A new study explores cognitive processes that may explain why many who stand to gain from the redistribution of wealth continue to vote against it. The findings were published in Social Psychological and Personality Science.
Approximately one half of the world’s wealth belongs to an inordinately wealthy 1% of the population. Those who earn the least are in the majority, and yet, as the wealth gap continues to grow, support for policies that aim to reduce income inequality has remained stagnant.
Study authors Joshua Conrad Jackson and Keith Payne wondered whether the lack of support for wealth redistribution may have to do with the cognitive processes underlying an individual’s perception of their income. They proposed that people have distorted perceptions of their subjective income, causing them to underestimate the extent that they would benefit from the redistribution of wealth.
“Payne and I began studying this topic in the first year of my PhD. I am always interested in ways to apply new methods, and Payne reached out to me after I published a paper on the promise of agent-based modeling to answer social psychology questions. He asked me if we could apply agent-based modeling to understand why income inequality has continued to increase in democratic societies, a phenomenon which Barack Obama has called the ‘the defining challenge of our time.’ The result was this paper,” explained Jackson, a PhD student at University of North Carolina at Chapel Hill.
First, the researchers wanted to see whether attitudes towards wealth redistribution would be more reflective of a person’s subjective income than their actual income. The researchers analyzed data from a sample of 55,474 respondents from the General Social Survey, a nationally representative survey of Americans.
As a measure of subjective income, the survey asked respondents where their family income ranked compared to other American families, with the options, ‘far below average’, ‘below average’, ‘average’, ‘above average’, or ‘far above average’. The survey also asked respondents to indicate their income in dollars and assessed their attitudes towards wealth redistribution.
As expected, the distribution of subjects’ actual income was positively skewed, reflecting the fact that a small minority of respondents earned the majority of the income. However, the distribution of participants’ subjective income was normal.
As the authors say, “The normal distribution of subjective income indicates that most people report an “average” level of income, with roughly equal numbers feeling above and below average. This suggests that many people who actually have far less than the average American still considered themselves to have “average” wealth.”
Furthermore, subjective income predicted attitudes towards wealth redistribution, regardless of actual income. When controlling for actual income, participants who reported the highest subjective income, showed the least support for the redistribution of wealth. As the authors explain, “reliance on subjective income may turn people against redistribution who would benefit from it because in a normal distribution, roughly half of the population always feels wealthier than average.”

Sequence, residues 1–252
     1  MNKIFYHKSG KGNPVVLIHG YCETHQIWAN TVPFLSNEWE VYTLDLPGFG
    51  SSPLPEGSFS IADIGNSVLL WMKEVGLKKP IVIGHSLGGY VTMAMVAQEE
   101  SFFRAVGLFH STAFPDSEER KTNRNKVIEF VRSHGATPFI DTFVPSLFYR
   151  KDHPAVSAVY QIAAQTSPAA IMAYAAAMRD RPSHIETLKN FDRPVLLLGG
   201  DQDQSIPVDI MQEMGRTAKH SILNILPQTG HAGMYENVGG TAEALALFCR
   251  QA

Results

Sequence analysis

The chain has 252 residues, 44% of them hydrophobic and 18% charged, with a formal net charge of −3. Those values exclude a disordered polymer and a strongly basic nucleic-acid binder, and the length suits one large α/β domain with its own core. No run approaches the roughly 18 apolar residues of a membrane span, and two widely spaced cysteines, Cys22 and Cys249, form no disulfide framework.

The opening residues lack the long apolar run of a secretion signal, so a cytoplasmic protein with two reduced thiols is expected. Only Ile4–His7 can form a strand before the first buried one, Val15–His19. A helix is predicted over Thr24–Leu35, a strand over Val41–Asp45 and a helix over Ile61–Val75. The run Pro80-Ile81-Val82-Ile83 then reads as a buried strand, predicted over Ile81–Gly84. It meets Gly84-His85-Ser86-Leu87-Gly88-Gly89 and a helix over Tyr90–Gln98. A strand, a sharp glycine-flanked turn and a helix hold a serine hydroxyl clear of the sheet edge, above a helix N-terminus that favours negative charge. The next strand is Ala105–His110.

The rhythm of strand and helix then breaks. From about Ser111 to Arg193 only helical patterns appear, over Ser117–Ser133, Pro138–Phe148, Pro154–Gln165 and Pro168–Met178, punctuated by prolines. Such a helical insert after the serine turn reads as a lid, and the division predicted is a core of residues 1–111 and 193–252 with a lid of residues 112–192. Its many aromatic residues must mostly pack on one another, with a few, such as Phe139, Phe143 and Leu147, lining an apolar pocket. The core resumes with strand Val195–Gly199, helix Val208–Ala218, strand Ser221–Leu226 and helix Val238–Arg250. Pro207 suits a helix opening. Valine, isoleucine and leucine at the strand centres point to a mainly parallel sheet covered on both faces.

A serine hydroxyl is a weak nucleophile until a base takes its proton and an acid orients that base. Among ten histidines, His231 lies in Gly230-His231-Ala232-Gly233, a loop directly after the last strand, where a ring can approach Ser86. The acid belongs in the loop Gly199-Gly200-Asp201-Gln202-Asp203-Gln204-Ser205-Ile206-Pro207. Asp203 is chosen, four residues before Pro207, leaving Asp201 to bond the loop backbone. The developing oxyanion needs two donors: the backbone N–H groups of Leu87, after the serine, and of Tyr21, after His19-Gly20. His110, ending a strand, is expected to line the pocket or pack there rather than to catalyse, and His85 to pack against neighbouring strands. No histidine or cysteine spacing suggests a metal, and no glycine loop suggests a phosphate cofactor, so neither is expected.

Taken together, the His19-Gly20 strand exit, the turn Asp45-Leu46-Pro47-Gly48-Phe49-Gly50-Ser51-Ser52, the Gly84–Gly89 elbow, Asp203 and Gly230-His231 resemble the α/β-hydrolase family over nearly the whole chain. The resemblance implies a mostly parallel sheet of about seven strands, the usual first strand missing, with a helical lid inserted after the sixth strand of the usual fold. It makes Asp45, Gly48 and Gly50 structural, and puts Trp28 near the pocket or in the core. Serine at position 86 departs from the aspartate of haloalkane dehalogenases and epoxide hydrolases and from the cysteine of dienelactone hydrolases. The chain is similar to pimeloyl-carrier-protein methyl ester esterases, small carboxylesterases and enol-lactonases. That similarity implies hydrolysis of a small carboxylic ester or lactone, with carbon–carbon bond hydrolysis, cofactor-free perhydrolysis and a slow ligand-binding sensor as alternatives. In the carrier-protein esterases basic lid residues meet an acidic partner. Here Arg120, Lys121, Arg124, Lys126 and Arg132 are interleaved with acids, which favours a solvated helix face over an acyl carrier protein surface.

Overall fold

Next, the authors conducted an experimental study to see whether social comparison might explain how people perceive their income. Participants were randomly assigned a number of “bonus” points that was either “low” (20,346), “medium” (33,875), or “high” (60,452). Participants then rated the value of their bonuses after viewing other values that they were told had been awarded to other participants.
In the condition where subjects viewed a distribution of bonuses that reflected the actual distribution of income in the US, those with higher bonuses perceived their bonuses to be higher. But in another condition where participants viewed bonuses that were mainly similar to their own, participants’ actual number of points had no relationship to how they felt about their bonuses.
“Many people don’t know this, but most Americans suffer from our taxation system. People remain divided on whether higher taxes are good or bad for the country, but the reality is that a large percent of Americans would benefit substantially from better welfare programs, and better public schools and hospitals. The reason that many people oppose these policies is that they feel wealthier than they really are,” Jackson told PsyPost.
“Our paper shows that this feeling of wealth comes from two causes. First, people tend to compare themselves to people who make a similar amount of money, meaning that a poor person in a poor neighborhood might feel middle class. Second, people underestimate the gap between the ultra-wealthy and themselves. Our paper shows that these mistaken perceptions exist, and shows how damaging they can be for the economy. So I guess, in sum, people should understand that they aren’t as wealthy as they think they are, and they might benefit more from higher taxes than they think they will.”
The authors suggest that there are ways to overcome these misperceptions. “Accessible resources that help people learn whether they will benefit from wealth redistribution could help people select economic policies that are in their best interest,” they say. “On a larger scale, reducing residential segregation or otherwise increasing intergroup contact across social class lines could facilitate more representative social comparisons and more accurate judgments of economic self-interest.”
“The next step is to translate this research into an intervention. We need easy methods for Americans to calculate whether they would benefit from economic policies, and more transparency about the pros and cons of different taxation policies. I’m really looking forward to seeing these sorts of interventions,” Jackson said.
The study, “Cognitive Barriers to Reducing Income Inequality”, was authored by Joshua Conrad Jackson and Keith Payne.